Updated January 3, 2015.
Check the Assignments to see details for this week’s work.
Check the Course Schedule page to see what’s due and when.
Our (compact) trajectory
- Week 1: Intro
- Weeks 2–5: Python
- Weeks 6–7: HTML5, CSS, responsive design, agile development
- Week 8: Spring Break
- Weeks 10–13: jQuery
- Weeks 13–15: Go further. Create a project. It’s your choice. (Note: In Week 11, you’ll need to submit a project plan for approval.)
What things are worth (grade percentages)
- Quizzes = 25 percent
- Weekly assignments = 25 percent
- Weekly meetings (work shown) = 25 percent
- Project = 15 percent
- Class attendance and participation = 10 percent
There will likely be 10 quizzes, weeks 2 through 12. Each quiz will be 10-15 points. Quizzes will be taken on your own time, outside of class. There will not be any tests or exams.
For each week when tutorials or exercises are assigned (weeks 2 through 12), there will also be an assignment that must be turned in through Canvas (E Learning). This assignment, like the quizzes, is based on the material covered in the tutorials or exercises. It is not intended to be a large, arduous assignment. Complete the tutorials or exercises, and then the quiz and the weekly assignment should not be overly difficult. Canvas will tell you when quizzes and weekly assignments are due.
- Python: 4 weeks, 4 quizzes, 4 assignments
- HTML & CSS: 2 weeks, 2 quizzes, 2 assignments
- jQuery: 3 weeks, 3 quizzes, 3 assignments
- Project: no quizzes, no assignments, but weekly meetings are required
Ten is such a nice number — 10 percent is a full letter grade. If you get all zeros for one week, that’s close to losing one letter grade for the course. So don’t stress over an 80 percent on a quiz. A zero is going to hurt you, but 80 percent is nothing to cry about.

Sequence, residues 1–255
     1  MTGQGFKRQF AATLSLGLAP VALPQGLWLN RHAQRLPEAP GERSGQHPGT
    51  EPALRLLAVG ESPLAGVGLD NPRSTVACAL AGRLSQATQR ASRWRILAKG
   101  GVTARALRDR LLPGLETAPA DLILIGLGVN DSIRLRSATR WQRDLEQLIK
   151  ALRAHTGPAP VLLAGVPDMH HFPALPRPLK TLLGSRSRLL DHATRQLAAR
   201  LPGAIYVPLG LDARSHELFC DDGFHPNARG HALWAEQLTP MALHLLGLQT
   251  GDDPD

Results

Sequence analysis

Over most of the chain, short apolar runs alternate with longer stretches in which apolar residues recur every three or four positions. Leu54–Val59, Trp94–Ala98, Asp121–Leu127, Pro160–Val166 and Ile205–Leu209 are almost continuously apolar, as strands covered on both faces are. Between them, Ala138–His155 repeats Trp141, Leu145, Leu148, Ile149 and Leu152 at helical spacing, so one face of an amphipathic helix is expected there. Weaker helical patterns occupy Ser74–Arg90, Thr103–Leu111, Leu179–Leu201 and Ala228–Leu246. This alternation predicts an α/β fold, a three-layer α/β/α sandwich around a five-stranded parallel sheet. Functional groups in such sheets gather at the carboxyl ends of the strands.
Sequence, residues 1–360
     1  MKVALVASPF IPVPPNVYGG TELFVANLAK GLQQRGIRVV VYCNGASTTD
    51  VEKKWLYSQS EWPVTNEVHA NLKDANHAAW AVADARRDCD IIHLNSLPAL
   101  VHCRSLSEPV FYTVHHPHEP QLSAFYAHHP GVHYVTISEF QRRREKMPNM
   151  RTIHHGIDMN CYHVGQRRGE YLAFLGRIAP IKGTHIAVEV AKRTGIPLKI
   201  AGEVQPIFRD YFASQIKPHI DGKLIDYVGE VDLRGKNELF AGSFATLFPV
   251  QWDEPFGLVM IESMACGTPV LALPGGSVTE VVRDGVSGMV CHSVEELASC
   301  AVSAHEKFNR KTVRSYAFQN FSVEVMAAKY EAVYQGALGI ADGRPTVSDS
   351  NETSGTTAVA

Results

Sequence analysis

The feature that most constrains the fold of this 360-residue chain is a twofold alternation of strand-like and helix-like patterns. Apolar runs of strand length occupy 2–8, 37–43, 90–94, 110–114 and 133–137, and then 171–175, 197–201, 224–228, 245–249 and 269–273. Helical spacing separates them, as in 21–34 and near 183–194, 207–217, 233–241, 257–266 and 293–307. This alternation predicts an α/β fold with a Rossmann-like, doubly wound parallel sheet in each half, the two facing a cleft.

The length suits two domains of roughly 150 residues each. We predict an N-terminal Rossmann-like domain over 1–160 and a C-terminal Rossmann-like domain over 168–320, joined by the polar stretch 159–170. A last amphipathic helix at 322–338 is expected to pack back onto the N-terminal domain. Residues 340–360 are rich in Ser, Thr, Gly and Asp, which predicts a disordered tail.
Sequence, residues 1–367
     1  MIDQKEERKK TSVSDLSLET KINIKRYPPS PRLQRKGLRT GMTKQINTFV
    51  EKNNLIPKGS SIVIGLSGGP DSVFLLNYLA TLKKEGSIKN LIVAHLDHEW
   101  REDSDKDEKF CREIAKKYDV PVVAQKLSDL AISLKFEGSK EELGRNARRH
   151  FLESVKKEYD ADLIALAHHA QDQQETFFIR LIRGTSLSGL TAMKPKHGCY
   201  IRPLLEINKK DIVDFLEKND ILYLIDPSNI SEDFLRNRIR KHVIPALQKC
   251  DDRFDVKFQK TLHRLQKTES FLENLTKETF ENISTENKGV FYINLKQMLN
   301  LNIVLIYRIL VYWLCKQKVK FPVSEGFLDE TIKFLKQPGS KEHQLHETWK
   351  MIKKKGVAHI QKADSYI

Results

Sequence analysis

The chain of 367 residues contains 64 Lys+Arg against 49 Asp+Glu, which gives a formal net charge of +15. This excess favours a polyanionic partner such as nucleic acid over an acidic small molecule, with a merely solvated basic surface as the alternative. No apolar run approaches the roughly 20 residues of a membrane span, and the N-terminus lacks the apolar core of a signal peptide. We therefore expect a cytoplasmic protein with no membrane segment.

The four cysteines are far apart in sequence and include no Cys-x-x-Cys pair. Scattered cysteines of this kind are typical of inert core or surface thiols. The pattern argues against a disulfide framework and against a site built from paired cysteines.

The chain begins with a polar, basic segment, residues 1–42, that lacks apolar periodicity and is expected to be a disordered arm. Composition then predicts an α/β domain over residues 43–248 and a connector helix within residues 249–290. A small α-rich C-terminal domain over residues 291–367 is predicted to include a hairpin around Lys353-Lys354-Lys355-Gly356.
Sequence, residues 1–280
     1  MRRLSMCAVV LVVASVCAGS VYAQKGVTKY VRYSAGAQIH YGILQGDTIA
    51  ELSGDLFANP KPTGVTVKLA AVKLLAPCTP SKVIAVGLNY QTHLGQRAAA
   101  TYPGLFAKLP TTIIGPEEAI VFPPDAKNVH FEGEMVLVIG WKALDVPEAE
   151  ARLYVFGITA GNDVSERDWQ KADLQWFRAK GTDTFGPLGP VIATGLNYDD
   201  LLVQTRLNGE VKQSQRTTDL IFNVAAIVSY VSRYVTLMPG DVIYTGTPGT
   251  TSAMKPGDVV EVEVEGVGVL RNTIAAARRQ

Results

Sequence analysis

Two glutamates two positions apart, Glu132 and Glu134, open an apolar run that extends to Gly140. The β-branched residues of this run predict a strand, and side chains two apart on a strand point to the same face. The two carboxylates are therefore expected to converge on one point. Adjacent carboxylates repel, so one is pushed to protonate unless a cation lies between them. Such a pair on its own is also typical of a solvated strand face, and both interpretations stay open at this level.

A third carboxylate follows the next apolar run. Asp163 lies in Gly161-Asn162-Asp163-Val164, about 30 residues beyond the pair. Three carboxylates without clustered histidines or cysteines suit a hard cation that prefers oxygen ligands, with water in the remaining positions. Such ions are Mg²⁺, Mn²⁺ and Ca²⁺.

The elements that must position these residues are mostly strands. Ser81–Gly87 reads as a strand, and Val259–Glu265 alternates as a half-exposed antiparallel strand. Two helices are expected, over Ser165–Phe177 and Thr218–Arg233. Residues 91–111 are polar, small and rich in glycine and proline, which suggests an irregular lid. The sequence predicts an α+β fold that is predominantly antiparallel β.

(Complete grading scale: See Syllabus page.)
This course requires you to pursue an individual agenda for learning. No one learns code by sitting in a lecture. People learn code by writing code, testing it, playing with it, and making things with code. This course has been set up to reward you for working up to the top of your ability as you learn to do new things with code.
Intended result: You will have fun! You will struggle, but you will also learn.
The weekly meetings
Every week, you will show your work from the assigned tutorials or exercises to the instructor. You will be graded for completion of that work and for your ability to discuss it. If your progress was reasonable, adequate, sufficient, and acceptable, you’ll earn 10 points for the week. (You are expected to ask questions during the meeting.) If your work was not acceptable, you’ll earn 0 points.
The weekly meeting is mandatory. Points will not be awarded if you miss your meeting.
You are expected to work on code (we will learn several different types) for one hour every day, seven days a week, except for Spring Break. In the first class meeting, we will discuss what this means and how it can help you — not only in this course, but in the future.